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Vain Worship

“You hypocrites! Well did Isaiah prophesy of you, when he said: ‘This people honors me with their lips, but their heart is far from me; in vain do they worship me, teaching as doctrines the commandments of men.’” Matthew 15:6–9, from Isaiah 29:13


Few Christians today understand the trial that comes to them weekly as they gather at church to worship. Few of the Israelites recognized this weekly trial in Isaiah’s day or in Jesus’ day. The warning was there in Scripture, but many who came to worship repeatedly failed. As Bible-believing Christians, we know that whatever was written in the Old Testament was written not only for their time but “for our instruction, upon whom the ends of the age have come” (1 Cor 10:11). We must learn from the failures of the church’s past, lest we fail to please our God at worship today.


Isaiah ministered at a time when Israel had apostatized, and Judah was given to gross idolatry (8th c. - 7th c. BC). When we read Isaiah 29:13, we are prone to become indignant at such stony-hearted people as the Jews. Reading superficially, we easily understand the prophecy of Isaiah (i.e., Judah worshiped Jehovah hypocritically). But this is not the way to profit from reading the Bible. Beyond a proper understanding of the teaching, we must apply Isaiah’s rebuke to ourselves individually and as a church. The reason is that in the flesh, we are all the fallen stock of Adam; we are subject to the same temptations to sin as they were.


If we understood Isaiah more fully, we would confess that we, too, have worshiped God poorly, vainly, and hypocritically. Happily, the Scriptures are sufficient with the help of the Holy Spirit to lead us into all truth and to convict us of our sin. All Scripture is inspired by God and is valuable for correction, reproof, and training in righteousness (2 Tim 3:15,16). And the primary means whereby the church receives instruction is through preaching the Word of God.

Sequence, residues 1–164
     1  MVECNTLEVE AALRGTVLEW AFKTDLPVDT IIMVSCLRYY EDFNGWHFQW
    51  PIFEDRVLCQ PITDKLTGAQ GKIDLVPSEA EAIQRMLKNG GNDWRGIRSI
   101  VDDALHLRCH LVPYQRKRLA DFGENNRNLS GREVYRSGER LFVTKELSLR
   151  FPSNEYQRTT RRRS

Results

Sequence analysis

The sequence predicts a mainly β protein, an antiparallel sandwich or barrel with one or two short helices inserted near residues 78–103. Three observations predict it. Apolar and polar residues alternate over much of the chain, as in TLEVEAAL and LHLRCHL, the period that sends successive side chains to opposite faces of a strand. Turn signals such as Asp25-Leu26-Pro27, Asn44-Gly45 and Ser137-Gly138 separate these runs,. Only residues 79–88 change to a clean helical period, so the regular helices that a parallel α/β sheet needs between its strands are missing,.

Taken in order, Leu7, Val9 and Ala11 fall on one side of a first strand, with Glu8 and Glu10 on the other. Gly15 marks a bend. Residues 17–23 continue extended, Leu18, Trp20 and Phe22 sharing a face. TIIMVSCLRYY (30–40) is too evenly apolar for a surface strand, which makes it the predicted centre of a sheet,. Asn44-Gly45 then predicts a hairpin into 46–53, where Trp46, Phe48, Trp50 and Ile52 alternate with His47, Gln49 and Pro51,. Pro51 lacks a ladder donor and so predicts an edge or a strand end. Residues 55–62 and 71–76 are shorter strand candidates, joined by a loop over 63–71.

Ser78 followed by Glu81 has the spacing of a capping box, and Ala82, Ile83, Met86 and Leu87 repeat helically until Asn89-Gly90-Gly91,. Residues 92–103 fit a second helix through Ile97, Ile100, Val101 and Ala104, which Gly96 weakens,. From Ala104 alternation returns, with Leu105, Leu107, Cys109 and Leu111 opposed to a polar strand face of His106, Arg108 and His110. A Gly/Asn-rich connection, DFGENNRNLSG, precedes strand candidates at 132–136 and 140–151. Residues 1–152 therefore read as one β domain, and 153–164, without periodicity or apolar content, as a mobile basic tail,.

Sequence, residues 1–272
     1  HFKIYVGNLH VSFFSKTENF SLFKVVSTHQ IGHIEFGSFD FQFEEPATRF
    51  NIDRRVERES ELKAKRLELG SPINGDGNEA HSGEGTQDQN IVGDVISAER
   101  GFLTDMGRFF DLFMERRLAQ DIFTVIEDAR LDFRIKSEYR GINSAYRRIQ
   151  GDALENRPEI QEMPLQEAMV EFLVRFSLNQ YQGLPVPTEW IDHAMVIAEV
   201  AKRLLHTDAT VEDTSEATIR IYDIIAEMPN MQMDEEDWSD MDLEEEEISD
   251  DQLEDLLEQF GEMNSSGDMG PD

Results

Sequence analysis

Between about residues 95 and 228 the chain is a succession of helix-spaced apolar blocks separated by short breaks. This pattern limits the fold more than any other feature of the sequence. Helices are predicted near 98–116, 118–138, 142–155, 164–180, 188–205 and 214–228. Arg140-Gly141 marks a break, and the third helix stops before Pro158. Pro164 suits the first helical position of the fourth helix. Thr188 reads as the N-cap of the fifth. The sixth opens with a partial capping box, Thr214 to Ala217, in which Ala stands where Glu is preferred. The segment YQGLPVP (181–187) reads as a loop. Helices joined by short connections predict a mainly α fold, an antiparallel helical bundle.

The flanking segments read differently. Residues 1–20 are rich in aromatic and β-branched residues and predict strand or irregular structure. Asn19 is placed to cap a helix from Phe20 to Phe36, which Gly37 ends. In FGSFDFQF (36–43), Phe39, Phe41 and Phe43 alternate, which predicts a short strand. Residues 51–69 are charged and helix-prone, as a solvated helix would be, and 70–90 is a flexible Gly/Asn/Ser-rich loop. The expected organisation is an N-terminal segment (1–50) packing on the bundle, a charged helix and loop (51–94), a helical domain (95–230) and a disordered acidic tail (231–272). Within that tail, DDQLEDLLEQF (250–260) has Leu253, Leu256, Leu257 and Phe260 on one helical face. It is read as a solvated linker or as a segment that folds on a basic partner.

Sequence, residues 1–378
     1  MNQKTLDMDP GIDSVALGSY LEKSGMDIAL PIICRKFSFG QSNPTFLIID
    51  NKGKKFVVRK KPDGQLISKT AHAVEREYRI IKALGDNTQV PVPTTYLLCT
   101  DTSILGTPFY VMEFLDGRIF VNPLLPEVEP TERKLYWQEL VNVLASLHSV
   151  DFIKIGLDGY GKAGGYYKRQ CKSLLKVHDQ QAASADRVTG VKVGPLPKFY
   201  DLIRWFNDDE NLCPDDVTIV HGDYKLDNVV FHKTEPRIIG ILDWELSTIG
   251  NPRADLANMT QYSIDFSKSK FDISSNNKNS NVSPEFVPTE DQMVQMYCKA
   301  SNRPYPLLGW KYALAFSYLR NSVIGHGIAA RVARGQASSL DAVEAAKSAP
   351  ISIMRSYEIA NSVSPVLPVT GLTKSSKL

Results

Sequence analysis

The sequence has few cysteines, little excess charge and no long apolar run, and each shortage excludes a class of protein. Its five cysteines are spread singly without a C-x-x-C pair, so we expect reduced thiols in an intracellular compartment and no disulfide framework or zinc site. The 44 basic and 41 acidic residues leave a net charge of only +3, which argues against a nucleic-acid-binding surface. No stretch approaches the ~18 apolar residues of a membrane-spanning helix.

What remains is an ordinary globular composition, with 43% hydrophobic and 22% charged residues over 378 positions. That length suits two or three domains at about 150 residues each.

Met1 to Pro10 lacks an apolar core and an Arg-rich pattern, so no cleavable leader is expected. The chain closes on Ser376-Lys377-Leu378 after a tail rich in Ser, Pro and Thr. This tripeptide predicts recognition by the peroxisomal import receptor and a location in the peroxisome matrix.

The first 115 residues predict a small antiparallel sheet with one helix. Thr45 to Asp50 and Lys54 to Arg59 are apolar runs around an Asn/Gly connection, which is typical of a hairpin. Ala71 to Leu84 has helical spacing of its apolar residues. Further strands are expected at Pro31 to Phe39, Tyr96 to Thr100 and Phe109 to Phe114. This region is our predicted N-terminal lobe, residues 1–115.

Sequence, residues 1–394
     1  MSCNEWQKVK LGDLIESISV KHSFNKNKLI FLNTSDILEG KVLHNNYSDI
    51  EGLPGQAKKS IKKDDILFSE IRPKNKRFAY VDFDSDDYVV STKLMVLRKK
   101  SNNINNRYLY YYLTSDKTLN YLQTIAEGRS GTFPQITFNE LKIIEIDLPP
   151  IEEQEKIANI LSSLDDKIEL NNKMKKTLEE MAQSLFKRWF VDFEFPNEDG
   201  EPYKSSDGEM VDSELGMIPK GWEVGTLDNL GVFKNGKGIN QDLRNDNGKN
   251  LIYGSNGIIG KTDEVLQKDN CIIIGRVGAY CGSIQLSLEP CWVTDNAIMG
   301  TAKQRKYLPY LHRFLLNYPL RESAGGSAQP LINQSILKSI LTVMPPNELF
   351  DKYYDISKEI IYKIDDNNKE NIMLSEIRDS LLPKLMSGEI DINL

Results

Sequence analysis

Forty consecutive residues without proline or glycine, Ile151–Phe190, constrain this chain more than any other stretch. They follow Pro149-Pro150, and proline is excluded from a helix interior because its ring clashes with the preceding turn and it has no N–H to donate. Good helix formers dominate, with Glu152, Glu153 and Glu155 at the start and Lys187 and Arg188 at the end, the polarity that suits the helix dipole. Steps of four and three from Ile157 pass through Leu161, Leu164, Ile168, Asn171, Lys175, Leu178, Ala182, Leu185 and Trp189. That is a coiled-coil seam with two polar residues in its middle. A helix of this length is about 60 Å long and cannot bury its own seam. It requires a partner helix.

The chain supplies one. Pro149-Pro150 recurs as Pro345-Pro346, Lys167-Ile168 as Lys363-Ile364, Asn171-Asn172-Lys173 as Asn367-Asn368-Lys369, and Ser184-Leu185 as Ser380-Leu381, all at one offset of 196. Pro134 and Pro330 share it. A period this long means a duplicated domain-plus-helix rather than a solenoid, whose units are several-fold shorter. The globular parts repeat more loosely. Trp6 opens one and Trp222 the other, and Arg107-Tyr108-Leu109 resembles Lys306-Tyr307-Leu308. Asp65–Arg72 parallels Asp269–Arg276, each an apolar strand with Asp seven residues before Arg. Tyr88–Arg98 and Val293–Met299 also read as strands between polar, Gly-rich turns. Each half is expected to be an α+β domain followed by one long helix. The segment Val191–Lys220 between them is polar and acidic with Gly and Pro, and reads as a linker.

In that vein, the Thomas Manton sermon below is recommended. The sermon should help you to understand how to identify and correctly deal with fleshly distractions at worship (see the link below). You should consider how we are all vulnerable to sin at our most important duty in life! We must all diligently seek to worship God purely and without hypocrisy.


The goal of Manton’s sermon is not to make you feel wretched. Hopefully, by confessing your failings and turning from temptation and sin, you will delight God at worship (Zeph 3:17). God desires to bless us, not to humiliate us. And the Holy Spirit enables you by faith to avail of his free grace in Christ, to die more and more to hypocrisy, and to live more abundantly. Nevertheless, God ordinarily uses means; God resists the proud and gives grace to the humble, to the contrite in heart (Jam 4:6; Isa 66:2). Preparing to worship God “in Spirit and in truth” is a crucial duty (John 4:23).


Thomas Manton (1620-1677) was remembered at his funeral as “the king of preachers.” Archbishop James Ussher, a contemporary Anglican minister, described Manton as “a voluminous preacher” and “one of the best in England.” His sermon should help you to see the importance of diligently putting aside all distractions before invoking the name of God.


Please return to the newsletter for a link to Manton’s sermon.


Lou Veiga


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